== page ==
Saturday, August 14, 2010
can be both a curse and a blessing. There are shelters we work with that we know are right-on when they call us about an Akita. If they tell us the Akita is lovely & sweet, we know it is. But then there are shelters that we can't trust, places that change personnel & "testers" too often and have methods of testing we can't rely on.
Take Matheo for instance. This pup came into the big NYC shelter as an owner surrender. That means, right off the bat, he's doomed, because owner surrenders can be euthanized as soon as they walk thru the door; unlike strays, they don't need to be held for any length of time so Matheo's time was extremely limited. The email that came that day about him from the shelter said he was 2+ yrs of age and food/toy possesive -- but not rawhide possesive. Hmmmmmmmmmmmm, that's a bit odd. Possession is possession and usually if an Akita is toy possessive, it follows they would also be rawhide possessive. That got us thinking...
Now, I'll be totally upfront. I will NOT deal with nor rehome any Akita who is truly food possessive or "possession" possessive. Akitas are a tricky breed -- intelligent enough to work around most issues & able to rethink most behaviorists' & trainers' methods. I've known of Akitas to hide these traits while in the shelters & in the care of some rescues until they get rehomed, where they grow comfortable enough to start showing their "true" nature when rehomed in a short period of time -- which is why I don't like any rescue Akita over the age of 6 months to go to a home unless its been in our care at least 3-4 weeks. I want to know everything about the Akita so we push to find out what triggers each Akita has & what will set that Akita off -- because placing a food aggressive Akita is a very dangerous thing to do for any breed rescue but especially with a breed as big & tough as an Akita. Akitas that guard their food bowls/toys/bones are often very upfront about it, snarling if you even walk in the room they are in or walking past them while they eat or chew on a bone. But there are Akitas who act perfectly normal until the day you forgot to add something to the bowl & go to reach for it, or the day the Akita grabs something from the trash or off a shelf or table and when you go to reach for it to ask for it back; you find yourself being badly bitten by an Akita you never knew had any possession issues. Its our job to find these things out before placement, so its why we work with them so much while in our care.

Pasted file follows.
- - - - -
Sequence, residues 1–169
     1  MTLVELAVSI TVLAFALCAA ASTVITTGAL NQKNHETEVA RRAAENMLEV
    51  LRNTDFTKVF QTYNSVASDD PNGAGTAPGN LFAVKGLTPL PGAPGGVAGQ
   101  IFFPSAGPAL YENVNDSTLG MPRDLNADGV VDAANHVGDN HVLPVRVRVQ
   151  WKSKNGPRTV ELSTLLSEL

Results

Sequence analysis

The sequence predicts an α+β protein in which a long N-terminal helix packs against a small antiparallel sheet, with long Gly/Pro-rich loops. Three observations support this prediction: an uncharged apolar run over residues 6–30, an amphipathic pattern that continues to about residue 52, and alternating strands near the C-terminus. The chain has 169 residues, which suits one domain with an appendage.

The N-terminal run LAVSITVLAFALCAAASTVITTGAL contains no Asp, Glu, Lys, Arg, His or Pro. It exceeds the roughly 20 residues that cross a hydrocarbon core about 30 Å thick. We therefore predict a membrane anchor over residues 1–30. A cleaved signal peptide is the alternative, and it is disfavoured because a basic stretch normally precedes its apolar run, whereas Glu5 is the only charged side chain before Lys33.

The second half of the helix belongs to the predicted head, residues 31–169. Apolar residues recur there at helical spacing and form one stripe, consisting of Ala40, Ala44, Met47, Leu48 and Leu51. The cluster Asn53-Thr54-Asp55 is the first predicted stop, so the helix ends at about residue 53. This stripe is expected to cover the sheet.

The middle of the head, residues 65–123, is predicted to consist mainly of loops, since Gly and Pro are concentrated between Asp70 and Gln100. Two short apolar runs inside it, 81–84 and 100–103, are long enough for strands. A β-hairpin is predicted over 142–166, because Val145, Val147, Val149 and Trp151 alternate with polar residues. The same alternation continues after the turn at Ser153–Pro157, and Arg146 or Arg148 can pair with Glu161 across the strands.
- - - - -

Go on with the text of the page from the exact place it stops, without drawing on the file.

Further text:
Sometimes, in other breeds, with enough re-training, you can break a dog of food aggression because other breeds have different personalities. In my experience however, you cannot break an Akita of true possession issues. If the Akita has true food/possession issues (and isn't a starved, hungry Akita from some puppymill situation where it never knew when it would get food again) then its a situation I'm not willing to handle. I won't put humans at risk for being attacked over a food bowl or toys on the ground or walking past a rawhide on the floor. There are some good training sites that help people to understand how to raise a puppy properly to prevent this issue